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Healthy breakfast ideas for kids

WebMD Feature
Medically Reviewed by Dr Rob Hicks

It's drummed into us how breakfast is the most important meal of the day but it's often the busiest time of the day too. Children are rushing around getting ready for school and breakfast consists of grabbing a slice of toast or a biscuit as they disappear out of the door. Worse, it’s a packet of crisps and a fizzy drink from the local shop on the way to school.

If you have a few healthy breakfast ideas up your sleeve to tempt them you'll be setting them up for the day. But with so much choice and variety in the breakfast foods market it can be a minefield knowing what's really healthy and what's just pretending to be.

Is breakfast really that important?

If you get the classic "I don't want breakfast, I'm not hungry" response tell your children it'll make them cleverer! And there's even evidence to prove it.

"Breakfast sets you up and fuels you ready to start the day," says British Dietetic Association spokesperson, Debra Williams. "By having breakfast it helps stabilise blood sugar levels which regulate appetite and energy. Evidence has shown having regular breakfast helps with weight loss."

Kids who have breakfast work better at school. They have better recall and problem solving skills. "Studies show children have more energy, concentrate well and perform better at school if they have a suitable healthy breakfast at the start of the day," says Debra.

So what's really healthy?

Some foods give an illusion of being healthy when they aren't really that good for you and just because something is marketed as being suitable for breakfast doesn't necessarily mean it's the best choice.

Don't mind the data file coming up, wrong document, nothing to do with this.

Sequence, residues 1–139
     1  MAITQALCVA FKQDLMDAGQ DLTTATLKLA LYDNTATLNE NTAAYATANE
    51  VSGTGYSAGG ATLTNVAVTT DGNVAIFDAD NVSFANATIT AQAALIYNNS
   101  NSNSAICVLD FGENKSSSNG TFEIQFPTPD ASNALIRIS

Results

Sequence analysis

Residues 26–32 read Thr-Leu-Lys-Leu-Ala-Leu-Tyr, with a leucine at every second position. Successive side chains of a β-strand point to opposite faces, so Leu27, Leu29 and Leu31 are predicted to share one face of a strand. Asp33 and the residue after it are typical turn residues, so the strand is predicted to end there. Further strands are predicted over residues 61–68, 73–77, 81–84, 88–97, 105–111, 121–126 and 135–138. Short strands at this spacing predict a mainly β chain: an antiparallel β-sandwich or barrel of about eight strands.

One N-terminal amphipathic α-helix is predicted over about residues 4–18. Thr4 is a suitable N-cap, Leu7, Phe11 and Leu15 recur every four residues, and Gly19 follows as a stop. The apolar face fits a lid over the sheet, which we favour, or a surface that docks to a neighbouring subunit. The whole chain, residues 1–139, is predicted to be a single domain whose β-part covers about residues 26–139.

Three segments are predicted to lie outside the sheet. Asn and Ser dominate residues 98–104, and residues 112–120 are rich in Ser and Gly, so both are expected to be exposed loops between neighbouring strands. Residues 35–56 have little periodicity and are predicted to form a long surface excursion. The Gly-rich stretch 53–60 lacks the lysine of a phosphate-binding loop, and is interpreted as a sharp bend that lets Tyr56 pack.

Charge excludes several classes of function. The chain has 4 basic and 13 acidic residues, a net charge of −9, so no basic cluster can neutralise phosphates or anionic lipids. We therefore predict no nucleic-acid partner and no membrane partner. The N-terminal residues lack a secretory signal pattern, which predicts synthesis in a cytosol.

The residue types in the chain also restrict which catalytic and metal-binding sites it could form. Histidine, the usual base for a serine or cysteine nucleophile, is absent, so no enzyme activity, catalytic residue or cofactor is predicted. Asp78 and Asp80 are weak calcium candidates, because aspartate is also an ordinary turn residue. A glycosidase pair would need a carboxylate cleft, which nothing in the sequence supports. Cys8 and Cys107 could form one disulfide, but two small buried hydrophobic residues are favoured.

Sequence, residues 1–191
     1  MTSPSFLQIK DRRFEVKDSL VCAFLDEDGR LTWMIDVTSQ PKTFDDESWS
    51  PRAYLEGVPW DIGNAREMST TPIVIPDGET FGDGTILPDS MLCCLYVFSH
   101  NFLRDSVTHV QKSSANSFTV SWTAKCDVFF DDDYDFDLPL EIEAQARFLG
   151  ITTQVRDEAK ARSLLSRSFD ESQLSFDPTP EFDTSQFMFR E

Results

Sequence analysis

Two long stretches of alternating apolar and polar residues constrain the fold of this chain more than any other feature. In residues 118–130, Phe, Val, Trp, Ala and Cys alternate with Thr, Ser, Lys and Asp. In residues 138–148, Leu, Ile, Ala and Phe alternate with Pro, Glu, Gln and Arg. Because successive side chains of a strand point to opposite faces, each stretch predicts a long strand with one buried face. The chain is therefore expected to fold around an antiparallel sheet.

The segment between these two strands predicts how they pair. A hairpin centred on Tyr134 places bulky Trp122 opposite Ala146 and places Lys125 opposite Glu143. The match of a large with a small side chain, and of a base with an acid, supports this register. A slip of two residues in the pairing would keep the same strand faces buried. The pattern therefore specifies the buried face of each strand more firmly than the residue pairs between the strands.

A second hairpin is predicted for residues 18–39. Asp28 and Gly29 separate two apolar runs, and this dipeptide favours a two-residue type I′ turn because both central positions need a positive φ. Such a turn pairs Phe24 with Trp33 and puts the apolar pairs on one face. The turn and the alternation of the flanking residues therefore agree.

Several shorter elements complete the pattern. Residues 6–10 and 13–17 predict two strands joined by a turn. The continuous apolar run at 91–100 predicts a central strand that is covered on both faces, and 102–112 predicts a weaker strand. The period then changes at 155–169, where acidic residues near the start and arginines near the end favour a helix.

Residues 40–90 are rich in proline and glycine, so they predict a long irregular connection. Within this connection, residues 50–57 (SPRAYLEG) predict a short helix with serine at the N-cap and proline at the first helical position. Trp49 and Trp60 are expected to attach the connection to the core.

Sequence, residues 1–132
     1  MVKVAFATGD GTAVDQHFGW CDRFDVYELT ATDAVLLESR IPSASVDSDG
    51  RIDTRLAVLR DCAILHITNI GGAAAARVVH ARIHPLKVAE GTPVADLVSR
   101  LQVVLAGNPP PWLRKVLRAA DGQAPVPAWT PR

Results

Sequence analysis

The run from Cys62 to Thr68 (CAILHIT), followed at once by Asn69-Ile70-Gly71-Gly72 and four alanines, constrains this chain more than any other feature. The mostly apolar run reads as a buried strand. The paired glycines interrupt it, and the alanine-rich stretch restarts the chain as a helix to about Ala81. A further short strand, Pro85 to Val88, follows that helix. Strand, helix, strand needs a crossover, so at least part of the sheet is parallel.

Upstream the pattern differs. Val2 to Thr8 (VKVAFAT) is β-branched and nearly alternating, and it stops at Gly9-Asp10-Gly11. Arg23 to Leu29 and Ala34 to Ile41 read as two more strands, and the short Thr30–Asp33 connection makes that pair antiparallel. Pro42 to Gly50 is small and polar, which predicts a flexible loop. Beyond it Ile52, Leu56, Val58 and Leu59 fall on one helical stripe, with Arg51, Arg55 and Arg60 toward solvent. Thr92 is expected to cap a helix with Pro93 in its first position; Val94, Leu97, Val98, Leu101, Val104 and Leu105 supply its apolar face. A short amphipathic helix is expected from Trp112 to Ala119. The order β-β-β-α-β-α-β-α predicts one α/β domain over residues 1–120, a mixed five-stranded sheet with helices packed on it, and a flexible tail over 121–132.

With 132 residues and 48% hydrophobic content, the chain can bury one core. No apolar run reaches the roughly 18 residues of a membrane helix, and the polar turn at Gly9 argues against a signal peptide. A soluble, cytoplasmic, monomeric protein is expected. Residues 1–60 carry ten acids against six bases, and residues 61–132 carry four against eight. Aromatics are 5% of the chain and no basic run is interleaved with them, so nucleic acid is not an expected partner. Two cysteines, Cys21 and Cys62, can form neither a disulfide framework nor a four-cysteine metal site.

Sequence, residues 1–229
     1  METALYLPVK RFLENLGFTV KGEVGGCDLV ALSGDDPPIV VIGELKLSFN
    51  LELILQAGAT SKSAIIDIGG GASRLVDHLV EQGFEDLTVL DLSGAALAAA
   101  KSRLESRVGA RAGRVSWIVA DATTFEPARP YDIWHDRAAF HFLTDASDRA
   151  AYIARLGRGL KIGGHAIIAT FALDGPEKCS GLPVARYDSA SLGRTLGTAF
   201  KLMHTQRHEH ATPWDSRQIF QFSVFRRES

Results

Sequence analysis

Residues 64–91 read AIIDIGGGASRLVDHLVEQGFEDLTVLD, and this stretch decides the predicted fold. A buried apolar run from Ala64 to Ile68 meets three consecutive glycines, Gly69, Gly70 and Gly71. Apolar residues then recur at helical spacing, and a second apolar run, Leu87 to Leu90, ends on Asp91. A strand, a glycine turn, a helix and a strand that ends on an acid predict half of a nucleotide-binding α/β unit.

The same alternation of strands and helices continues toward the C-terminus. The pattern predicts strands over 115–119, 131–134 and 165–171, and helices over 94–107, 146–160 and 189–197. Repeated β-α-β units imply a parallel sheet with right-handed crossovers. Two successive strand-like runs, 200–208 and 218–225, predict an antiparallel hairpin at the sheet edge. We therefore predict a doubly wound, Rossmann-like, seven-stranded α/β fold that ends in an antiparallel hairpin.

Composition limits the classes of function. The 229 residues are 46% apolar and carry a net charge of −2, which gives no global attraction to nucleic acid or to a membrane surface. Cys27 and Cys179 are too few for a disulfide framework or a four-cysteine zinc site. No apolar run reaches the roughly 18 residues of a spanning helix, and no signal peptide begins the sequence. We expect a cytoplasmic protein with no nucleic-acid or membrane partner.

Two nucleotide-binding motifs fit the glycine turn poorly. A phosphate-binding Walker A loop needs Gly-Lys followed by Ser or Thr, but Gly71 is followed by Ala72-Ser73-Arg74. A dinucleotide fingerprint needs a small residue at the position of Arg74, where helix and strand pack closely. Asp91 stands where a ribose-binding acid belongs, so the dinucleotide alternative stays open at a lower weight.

Breakfast cereal is popular and it can be a healthy option too.

"Many processed breakfast cereals are fortified with additional vitamins and minerals which children often find difficult to get from elsewhere, for example vitamin D and iron," says Debra. "Also having milk or yoghurt with cereal provides an excellent source of calcium and additional protein."

But not all cereals are created equal. A bowl of choco-balls is not the same as a bowl of porridge. Even some brands of granola and muesli, which seem a healthy option, can be high in fat and sugar.

A lot of the cereals targeted at children have a high sugar and or salt content and lack dietary fibre. Check on the nutrition label. Healthy cereals provide less than 5g of sugars per 100g, and less than 0.3g of salt per 100g. Fibre should be above 3g per 100g.

"It's always best to choose plainer options such as porridge oats," advises Debra. Other options include whole-wheat cereals and bisks.

Make a bowl of plain cereal more tempting to kids by topping with sliced bananas or a few raspberries; it gets in one of your five a day too!

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